Every creature is better alive than dead, men and moose and pine trees, and he who understands it aright will rather preserve its life than destroy it. -Henry David Thoreau, naturalist and author (12 Jul 1817-1862)
This article surely strikes close to home, in Musina
Fiduciary dereliction at municipal level laid bare
Not a single municipality in Mpumalanga, Limpopo, North West, the Northern Cape or Free State, all of them ANC-run provinces, received a clean audit following the latest cycle of official financial inspection.
This, after auditor-general (AG) Kimi Makwethu earlier this week released findings from the Consolidated General Report on Local Government Audit Outcomes for 2017/18.
Apart from measuring 21 “municipal entities”, or sub-municipal councils, the local government auditing cycle looked at the books of 257 municipalities and revealed that only 18 had received clean audits. Twelve of the municipalities are in the Western Cape whilst the remaining clean-audit councils are in Gauteng, Kwa-Zulu Natal and the Eastern Cape.
From a percentage point of view the auditing cycle found that only 8% of all the municipalities had received clean audits, “a decline from the previous year’s 14%”, a government news report said.
Makwethu emphasised that “since the current local government administration took office, the governance issues affecting municipalities have consistently been flagged with them in various formats, including individualised meetings with the leadership and through the AG’s 2016/17 general report, but the latest set of results indicates that this constant advice has largely been ignored”.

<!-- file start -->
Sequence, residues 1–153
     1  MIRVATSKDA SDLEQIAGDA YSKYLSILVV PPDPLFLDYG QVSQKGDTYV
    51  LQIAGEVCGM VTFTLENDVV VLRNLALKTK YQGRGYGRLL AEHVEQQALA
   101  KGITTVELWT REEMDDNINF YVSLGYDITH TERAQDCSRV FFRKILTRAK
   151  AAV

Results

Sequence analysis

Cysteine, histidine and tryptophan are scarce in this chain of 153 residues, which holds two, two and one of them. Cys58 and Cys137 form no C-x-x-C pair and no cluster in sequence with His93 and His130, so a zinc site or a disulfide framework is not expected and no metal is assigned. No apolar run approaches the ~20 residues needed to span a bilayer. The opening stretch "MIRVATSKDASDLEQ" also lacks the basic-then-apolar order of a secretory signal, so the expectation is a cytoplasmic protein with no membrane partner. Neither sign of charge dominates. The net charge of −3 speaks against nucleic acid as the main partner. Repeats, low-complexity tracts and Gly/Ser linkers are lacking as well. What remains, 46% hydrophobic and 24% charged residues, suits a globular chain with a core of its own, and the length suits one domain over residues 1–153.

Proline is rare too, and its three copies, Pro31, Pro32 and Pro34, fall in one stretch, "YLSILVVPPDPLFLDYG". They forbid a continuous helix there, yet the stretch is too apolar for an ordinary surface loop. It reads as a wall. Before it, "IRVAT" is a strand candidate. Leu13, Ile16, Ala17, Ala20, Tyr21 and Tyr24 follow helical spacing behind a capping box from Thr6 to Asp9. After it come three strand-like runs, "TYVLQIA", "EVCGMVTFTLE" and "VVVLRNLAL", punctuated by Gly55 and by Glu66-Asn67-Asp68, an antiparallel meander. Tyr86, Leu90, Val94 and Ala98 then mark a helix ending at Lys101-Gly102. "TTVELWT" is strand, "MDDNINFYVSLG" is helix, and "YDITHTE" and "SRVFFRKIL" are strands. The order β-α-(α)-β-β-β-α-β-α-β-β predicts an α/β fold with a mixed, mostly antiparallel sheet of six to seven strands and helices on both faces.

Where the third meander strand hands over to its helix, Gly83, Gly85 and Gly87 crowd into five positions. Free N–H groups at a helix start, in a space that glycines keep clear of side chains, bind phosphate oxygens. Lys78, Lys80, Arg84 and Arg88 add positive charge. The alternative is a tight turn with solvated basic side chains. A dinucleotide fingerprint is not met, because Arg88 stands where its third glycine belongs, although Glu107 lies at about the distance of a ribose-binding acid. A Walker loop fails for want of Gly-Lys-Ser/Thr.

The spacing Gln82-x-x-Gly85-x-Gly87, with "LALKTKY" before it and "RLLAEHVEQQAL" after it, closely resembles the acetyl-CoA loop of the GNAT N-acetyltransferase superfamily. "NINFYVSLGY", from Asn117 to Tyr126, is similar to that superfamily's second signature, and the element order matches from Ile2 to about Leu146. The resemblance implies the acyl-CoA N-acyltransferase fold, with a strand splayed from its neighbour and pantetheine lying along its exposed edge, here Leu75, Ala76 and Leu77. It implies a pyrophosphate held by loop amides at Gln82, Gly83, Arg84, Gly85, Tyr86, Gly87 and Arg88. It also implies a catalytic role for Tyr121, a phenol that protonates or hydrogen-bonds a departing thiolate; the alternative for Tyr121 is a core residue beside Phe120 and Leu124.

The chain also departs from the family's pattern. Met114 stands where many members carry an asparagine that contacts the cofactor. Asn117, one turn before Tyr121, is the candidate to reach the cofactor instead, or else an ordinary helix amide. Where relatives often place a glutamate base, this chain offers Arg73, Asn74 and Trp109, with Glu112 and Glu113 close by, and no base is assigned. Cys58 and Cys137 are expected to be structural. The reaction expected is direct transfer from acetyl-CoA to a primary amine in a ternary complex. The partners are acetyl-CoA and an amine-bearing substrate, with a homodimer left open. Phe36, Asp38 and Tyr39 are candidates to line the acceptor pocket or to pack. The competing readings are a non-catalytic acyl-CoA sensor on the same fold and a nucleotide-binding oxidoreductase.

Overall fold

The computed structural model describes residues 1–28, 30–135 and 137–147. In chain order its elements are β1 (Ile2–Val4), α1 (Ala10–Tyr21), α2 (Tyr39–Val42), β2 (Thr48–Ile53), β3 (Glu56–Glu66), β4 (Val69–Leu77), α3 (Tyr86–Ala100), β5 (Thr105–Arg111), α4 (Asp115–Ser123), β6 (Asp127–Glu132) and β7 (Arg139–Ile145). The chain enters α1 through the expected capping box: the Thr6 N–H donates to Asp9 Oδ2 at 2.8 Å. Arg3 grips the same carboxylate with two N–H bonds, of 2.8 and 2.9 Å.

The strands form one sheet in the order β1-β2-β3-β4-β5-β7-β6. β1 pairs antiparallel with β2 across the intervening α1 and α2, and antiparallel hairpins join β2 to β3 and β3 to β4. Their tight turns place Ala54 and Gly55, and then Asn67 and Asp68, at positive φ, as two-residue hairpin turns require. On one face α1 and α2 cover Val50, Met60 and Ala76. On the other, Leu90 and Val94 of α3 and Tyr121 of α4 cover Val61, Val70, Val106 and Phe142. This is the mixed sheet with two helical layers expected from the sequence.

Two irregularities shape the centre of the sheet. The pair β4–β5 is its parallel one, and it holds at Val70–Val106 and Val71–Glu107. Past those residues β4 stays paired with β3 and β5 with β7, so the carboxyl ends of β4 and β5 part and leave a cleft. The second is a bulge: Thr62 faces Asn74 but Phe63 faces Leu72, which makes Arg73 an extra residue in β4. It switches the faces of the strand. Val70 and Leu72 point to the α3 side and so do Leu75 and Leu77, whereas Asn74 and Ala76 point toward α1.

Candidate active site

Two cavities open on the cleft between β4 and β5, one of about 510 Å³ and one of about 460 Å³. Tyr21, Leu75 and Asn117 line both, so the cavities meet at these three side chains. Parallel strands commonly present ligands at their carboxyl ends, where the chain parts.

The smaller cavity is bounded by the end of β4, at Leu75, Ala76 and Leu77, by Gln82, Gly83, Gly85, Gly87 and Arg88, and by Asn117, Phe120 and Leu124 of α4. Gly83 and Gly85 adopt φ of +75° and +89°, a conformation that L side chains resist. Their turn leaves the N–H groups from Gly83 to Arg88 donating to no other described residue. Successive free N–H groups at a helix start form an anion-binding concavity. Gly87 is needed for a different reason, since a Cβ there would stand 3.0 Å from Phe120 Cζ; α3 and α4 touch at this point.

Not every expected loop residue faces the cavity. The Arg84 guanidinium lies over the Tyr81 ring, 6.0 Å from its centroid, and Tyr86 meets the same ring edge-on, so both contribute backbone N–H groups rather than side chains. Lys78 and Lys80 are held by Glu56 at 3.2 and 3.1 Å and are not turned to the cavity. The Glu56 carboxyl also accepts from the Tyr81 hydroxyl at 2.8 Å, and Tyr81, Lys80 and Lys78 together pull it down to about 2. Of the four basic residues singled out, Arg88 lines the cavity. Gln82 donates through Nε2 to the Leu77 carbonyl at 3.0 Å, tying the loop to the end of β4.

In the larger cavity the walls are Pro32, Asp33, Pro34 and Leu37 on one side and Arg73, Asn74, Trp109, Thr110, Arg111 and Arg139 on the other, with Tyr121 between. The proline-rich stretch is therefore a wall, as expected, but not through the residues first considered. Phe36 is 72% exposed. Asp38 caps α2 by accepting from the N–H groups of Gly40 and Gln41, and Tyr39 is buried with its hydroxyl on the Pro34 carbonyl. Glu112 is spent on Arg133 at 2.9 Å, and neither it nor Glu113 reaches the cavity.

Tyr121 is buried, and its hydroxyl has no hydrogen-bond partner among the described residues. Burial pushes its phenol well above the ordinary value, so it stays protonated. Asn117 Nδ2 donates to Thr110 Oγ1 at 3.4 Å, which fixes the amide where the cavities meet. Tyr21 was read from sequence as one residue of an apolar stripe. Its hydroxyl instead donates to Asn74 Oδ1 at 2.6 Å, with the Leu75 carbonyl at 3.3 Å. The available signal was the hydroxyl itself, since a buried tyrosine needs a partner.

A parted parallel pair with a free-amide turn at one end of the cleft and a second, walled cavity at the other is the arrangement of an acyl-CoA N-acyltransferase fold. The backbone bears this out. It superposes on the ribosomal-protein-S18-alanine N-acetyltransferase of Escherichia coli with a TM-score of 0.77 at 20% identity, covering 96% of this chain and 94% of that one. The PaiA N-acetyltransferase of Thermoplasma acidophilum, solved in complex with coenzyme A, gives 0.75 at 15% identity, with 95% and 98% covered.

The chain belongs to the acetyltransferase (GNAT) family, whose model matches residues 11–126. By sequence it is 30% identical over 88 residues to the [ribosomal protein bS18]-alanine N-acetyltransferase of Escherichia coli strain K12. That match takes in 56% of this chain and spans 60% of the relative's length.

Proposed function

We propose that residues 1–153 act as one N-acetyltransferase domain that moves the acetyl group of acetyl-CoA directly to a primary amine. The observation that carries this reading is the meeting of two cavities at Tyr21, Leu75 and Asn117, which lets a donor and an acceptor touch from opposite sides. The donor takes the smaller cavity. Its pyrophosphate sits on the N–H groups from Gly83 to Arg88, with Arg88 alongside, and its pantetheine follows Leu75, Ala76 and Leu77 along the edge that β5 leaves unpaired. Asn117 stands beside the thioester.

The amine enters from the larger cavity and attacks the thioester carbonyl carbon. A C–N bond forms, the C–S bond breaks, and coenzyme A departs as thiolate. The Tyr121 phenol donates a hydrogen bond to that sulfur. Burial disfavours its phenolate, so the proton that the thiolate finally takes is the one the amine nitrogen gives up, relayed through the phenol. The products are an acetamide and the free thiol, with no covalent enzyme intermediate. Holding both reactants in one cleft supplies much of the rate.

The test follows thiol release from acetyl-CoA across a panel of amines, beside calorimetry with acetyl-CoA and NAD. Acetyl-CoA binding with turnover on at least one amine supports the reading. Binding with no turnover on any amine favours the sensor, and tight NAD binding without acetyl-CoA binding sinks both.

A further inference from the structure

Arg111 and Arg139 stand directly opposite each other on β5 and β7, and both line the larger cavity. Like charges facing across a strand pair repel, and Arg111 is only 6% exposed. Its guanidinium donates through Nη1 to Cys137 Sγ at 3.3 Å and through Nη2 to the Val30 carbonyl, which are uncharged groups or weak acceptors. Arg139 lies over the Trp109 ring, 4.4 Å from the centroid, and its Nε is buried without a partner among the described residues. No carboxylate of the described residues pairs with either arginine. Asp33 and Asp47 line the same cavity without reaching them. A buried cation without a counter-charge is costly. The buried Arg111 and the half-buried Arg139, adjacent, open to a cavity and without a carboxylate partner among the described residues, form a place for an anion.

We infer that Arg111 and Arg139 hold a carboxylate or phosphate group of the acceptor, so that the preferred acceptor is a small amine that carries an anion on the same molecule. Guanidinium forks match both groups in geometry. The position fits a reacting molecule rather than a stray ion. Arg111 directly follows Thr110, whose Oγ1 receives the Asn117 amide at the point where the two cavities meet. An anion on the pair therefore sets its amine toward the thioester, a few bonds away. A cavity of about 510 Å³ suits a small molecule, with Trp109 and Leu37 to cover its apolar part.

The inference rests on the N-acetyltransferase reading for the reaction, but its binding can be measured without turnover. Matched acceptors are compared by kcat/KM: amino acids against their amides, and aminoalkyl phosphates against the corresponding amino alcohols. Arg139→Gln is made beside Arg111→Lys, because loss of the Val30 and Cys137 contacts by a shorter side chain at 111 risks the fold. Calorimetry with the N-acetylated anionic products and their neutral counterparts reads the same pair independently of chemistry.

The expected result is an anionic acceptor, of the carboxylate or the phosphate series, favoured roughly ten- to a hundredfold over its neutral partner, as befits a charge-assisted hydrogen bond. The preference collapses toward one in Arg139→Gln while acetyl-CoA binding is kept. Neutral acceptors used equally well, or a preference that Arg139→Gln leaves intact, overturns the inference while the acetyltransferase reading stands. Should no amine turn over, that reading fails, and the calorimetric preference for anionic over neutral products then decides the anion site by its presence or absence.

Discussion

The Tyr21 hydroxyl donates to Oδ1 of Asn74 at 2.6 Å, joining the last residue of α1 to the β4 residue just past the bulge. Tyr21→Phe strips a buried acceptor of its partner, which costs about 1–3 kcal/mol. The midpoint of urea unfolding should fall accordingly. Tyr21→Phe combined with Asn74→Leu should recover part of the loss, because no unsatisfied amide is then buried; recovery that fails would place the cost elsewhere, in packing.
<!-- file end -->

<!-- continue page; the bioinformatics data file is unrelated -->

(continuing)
The auditor-general’s revelations came in the same week that leading poultry processor Astral forced Lekwa Local Municipality to abide by an earlier High Court finding that it must show how it intends to restore municipal infrastructure. The move by Standerton’s leading private sector entity against public sector dereliction came as Astral recorded an R85-million drop in revenue because of inconsistent water supply to its facilities.
I wonder how this will affect businesses in Musina?
Foreign markets are yet to react to the news that Zimbabwe has announced the re-introduction of the Zim dollar with immediate effect.
“The Zimbabwe dollar shall, with effect from 24 June 2019, be the sole legal tender in Zimbabwe in all transactions,” according to a statement.
With the country still staggering from crippling forex issues and resulting struggles to afford basic daily necessities like fuel, the move is widely seen as a desperate attempt to do away with bond notes and the real time gross settlement (RTGS) that have led to serious liquidity issues.
The SI directive said “each bond note unit and each RTGS$ is equivalent to a Zimbabwe dollar, and each hundredth part of a bond note unit and each hundredth part of RTGS$ is equivalent to a Zimbabwean cent”.
At the time of posting this article, news reports of angry resistance to the decision started filtering through, with word from the street being that it’s creating havoc among consumers.